2. Which market are you targeting with this role?
There is a big difference between the Enterprise market and the SMB market. And many startups forget that the skills associated with each (as well as the prerequisites to get into each) are very different.
Make sure you’ve defined each market appropriately before you hire!
3. What stage/size is your business?
Different stages of growth come with different goals and needs. So you need to evaluate where you are and what your goals are from this lens as well.
Jason Lemkin illustrates the point well for VPs of Sales:
Which type of VP of Sales to hire and when, via SaaStr.
4. How much selling has been done so far?
Have you sold as a founder? Or are you just getting started? What did you learn? You need to know where you are currently and where you want to go to make sure that the person you hire will be able to connect the dots appropriately.
5. What specific activities will your new hire need to do?
Part of defining where you are is knowing what tasks your hire will need to complete in order to be successful with you.
Do you have a solid lead-gen pipeline established? Or will they need to generate these themselves? Have you mapped out your total addressable market yet or will the said hire be doing this heavy lifting for you?
The specifics are critical to being able to identify a good hire for your business!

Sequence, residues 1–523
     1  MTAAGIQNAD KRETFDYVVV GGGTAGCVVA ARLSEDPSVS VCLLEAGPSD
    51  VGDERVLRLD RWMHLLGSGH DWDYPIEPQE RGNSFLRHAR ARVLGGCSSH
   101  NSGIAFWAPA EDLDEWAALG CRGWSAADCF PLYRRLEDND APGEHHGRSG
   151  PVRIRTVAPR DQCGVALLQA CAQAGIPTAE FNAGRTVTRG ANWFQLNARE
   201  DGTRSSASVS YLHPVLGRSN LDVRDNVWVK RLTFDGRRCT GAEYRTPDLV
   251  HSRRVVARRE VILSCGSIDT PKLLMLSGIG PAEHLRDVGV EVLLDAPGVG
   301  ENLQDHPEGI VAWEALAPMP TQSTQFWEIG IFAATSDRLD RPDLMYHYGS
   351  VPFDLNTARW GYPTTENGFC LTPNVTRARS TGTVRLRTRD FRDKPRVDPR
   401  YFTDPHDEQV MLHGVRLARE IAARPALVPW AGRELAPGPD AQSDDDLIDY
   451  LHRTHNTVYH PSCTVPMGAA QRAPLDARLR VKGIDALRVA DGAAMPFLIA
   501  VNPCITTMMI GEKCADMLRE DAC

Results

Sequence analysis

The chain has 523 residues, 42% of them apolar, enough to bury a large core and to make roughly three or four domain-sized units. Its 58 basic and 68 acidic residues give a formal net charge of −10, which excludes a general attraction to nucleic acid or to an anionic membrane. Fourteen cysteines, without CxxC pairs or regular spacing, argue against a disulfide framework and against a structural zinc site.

6. What kind of sales culture do you have?
Culture is the number one thing candidates we talk to care about, from CRO all the way down to AE. So finding a match here is crucial!
This isn’t about “finding someone you’d like to grab a beer with.” Real culture fit is about an alignment of fundamental beliefs (as they tie to your mission), your leadership, and whether you’re aligned on how to approach the task at hand.
It’s important to be conscious of making a mishire. Many startups are still struggling to get this right! However, balance is everything and you CAN take it too far.
Find a person who can do the job and is excited about your mission (look for that ‘connective tissue’ – that what’s important is also important to you)… and hire them. As long as you’ve been transparent with them throughout the process, there is no reason they won’t be ecstatic to accept your offer and do great work for you!
A few years ago, that great business thinker George Carlin shared one of his trenchant insights. Carlin posted that much of life was about the accumulation of “stuff.” For instance, a house is merely a pile of stuff with a cover on it.
Carlin’s observations were funny, but they also had some truth to them. For instance, do we really need to own cars? After all, they are rather expensive to maintain and house. About 100 years ago, no one owned a car, but most people got around and visited their relatives without having to pony up thousands of dollars and attach a garage to their homes. The average cost for a new car was $36,270 in January, which was up 4 percent over the year before, according to Kelley Blue Book.
In light of such costs, many consumers may want to ponder Carlin’s position. After all, if one decided to use Lyft or Uber for most transportation needs and forego buying a car, then one would arguably save money.